Frank Ocean, as you might have known if you’re following any news outlets, or just following me, released two new albums last weekend. Yes, TWO.
Frank’s journey, from releasing nostalgia, ULTRA, his pretty good mixtape, to releasing his debut masterpiece channel ORANGE allowed him to build himself a relatively big following. And ever since, the crowd has been longing for more music from the reclusive genius.
After a two-year hide & seek game and hinting at having a finished album and a magazine both titled Boys Don’t Cry. Last week, Frank finally released his album, but to the surprise of everyone, it was a visual album called ENDLESS and not the long promised Boys Don’t Cry. Immediately after the release of the album, news broke that Boys Don’t Cry will follow on the same weekend, but with a different title, Blond(e).
ENDLESS is a something unexpected from Frank, it is an experimental effort and contains tracks that were possibly left out from Blond. And although the album isn’t perfect, it has many great tracks. The Isley Brothers’ cover “At Your Best (You Are Love)”, alongside “Rushes” are the highlights of the album. Both showing the emotional depth of Frank’s vocals and how he can really convey his emotions through music.
On the other hand, we have Blond, which is nothing like channel ORANGE, but that’s not a negative comment. It’s very different from his previous releases, both sonically and lyrically.
The album’s opening track, “NIKES”, is a beautiful mess with a great accompanying music video. It continuously keeps hinting at Frank’s two versions. Two versions of what? It might be the two virgin girls in the video, the two Virgin Mary statues in the video, or, most likely, two versions of him, with it possibly being a comment on his bisexuality. This can also be seen with the album’s title, with blond being the masculine adjective and blonde being the feminine adjective, showing Frank’s two sides. The track is remarkable, and is definitely a good choice for the leading single, but it definitely would have been a much better track without the overly used high/low pitched voices.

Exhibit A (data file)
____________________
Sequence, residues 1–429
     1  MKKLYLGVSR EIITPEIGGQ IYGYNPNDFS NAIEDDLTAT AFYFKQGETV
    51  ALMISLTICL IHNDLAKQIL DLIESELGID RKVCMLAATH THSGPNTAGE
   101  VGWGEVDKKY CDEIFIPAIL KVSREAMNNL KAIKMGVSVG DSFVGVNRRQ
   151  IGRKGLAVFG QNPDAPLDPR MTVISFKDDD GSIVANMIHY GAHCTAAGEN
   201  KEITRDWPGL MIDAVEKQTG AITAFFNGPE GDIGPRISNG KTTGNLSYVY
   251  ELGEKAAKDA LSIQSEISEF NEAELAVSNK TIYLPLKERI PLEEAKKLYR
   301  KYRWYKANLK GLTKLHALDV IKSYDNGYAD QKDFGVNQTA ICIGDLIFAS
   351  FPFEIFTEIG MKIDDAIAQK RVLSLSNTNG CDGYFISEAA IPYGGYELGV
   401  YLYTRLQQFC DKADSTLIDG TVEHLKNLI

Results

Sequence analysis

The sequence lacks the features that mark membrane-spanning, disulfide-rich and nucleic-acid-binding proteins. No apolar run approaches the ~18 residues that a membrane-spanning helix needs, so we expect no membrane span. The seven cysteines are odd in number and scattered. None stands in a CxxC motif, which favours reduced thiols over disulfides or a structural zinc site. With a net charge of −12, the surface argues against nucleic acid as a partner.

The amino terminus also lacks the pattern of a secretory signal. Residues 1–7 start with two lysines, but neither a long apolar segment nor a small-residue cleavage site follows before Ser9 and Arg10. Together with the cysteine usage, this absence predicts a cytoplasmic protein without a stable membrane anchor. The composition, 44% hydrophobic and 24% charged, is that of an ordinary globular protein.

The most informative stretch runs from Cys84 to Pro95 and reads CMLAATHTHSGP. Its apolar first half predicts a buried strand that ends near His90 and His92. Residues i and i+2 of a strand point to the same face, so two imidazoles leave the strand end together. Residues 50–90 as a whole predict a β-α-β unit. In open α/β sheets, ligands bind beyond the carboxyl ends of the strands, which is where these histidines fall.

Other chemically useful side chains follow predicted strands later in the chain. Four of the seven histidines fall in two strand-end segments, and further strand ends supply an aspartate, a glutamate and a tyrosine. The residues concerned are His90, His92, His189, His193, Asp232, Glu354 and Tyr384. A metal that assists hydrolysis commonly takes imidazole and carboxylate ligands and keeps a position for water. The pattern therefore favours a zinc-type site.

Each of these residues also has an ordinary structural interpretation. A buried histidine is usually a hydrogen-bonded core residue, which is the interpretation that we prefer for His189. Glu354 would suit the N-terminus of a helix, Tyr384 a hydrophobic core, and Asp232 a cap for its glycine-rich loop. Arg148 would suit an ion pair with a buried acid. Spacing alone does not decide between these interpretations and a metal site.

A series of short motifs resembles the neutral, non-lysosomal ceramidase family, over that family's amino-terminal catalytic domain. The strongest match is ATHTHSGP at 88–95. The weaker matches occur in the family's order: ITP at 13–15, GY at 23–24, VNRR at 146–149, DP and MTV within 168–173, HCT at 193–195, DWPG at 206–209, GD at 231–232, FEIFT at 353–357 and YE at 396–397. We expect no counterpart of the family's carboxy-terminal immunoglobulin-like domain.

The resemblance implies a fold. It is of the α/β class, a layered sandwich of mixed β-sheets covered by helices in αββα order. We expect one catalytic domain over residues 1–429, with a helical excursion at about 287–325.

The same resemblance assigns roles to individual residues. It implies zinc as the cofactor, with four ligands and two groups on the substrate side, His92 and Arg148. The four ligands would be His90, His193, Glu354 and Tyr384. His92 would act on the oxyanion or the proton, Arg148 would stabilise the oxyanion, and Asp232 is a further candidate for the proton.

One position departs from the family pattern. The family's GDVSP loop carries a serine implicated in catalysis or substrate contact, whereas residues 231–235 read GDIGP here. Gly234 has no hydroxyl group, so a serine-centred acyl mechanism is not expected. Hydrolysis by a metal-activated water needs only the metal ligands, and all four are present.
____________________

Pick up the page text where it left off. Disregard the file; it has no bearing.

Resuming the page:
Then we have “Ivy”, one of the album’s highlights, where we have Frank singing with an innocent and smooth tone about looking back at a failed relationship and how the relationship was destined to fail.
In “Solo”, Frank sings about being solo, and feeling “so low” emotionally. The track is preceded by “Be Yourself” which is a recorded call from a mother telling her son to be careful and not use alcohol or drugs, possibly showing us how much he appreciates and loves his mother. And let’s not forget “Solo (Reprise)”, the track with the only major vocals on the album by someone other than Frank. We hear André 3000 deliver an explosive verse where he reflects on his past years while also making aggressive comments on one of rap’s major issues, ghostwriters.
The rest of the tracks are just as good, we have the ethereal “Pink + White” with minor vocals by Queen Bey herself. The fantastic “Nights”, where Frank abruptly changes the tone in the middle of the track, marking the end of the first half of the album. Then we have the confident “Self Control” featuring vocals by talented yet relatively unknown artists, Yung Lean and Austin Feinstein, the heart-breaking “White Ferrari”, and the melancholy “Seigfried”.
The albums will please fans and new listeners alike. Some songs will be appreciated immediately, while others will require a few more listens. Frank has definitely matured in the past four years, and this is a proof of that. It marks a new chapter and his life and I truly can’t wait for the next one, whether it’s out this year, or after fifteen years.
Final verdict: Essential